South Reading Leisure Centre is about 1.3 miles from the Whitley Pump. It takes half an hour to walk there, or it is right on the Emerald 5 bus route. I have to admit that apart from the famous purple tennis courts, I didn’t really know much about what the centre had to offer to southern Readingas; so I went to have a look.
At the Katesgrove Community Association (KCA) meeting on 10 July, Katesgrove councillor Sophia James was asked what Reading Borough Council (RBC) could do to prevent travellers from re-occupying public sites. Travellers have cycled their encampments between Rabson’s Rec, Long Barn Lane and Waterloo Meadows several times over the last few years.
In the time of Abbot William (1165-1173), Reading Abbey was given permission by Henry II to enclose land that it had in Whitley into a park. By the time of the dissolution of the Abbey in 1539, large swathes of Whitley were owned by the Abbey; Whitley Manor to the west of Basingtoke Road and Whitley Park to the east.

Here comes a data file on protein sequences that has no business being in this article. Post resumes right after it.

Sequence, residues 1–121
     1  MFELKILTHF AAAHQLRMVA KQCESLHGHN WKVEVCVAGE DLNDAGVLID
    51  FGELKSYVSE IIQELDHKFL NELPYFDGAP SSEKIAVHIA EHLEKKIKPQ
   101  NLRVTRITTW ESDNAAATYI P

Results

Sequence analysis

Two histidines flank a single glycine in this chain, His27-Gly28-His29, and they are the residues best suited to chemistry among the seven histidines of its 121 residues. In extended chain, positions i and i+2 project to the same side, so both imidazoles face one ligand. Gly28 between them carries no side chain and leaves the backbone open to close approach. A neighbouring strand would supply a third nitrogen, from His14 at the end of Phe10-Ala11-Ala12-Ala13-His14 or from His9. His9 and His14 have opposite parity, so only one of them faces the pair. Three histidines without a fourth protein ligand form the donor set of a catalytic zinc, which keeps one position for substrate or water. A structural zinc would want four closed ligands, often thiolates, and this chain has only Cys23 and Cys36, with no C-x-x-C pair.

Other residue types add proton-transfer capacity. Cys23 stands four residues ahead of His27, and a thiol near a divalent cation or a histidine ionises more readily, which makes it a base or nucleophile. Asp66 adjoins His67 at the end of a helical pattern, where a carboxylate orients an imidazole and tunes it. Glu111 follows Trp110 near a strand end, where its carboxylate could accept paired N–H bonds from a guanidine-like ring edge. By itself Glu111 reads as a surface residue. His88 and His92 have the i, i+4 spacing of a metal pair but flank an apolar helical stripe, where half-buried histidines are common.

Oi! Who’s nicked the wicker man? (photo: Tommy Robinson).
As the sun set on Saturday 21 April, Whitley lit up with a unifying performance of the Spire at Rabson’s Rec. The piece saw divided sections of Whitley, each with a unique type of ‘power’, come together to build a spire. Three groups of performances represented different types of energy, such as light, sound and mechanical. The young performers each took part in bringing these ideas to life.
Katesgrove Boundary – Longbarn Lane Recreation Ground
This week, Reading Borough Council (RBC) will discuss spending £786,700 over the next two years on improving recreation areas across the town, including Cintra Park, Longbarn Recreation Area and Rabson’s Rec in south Reading.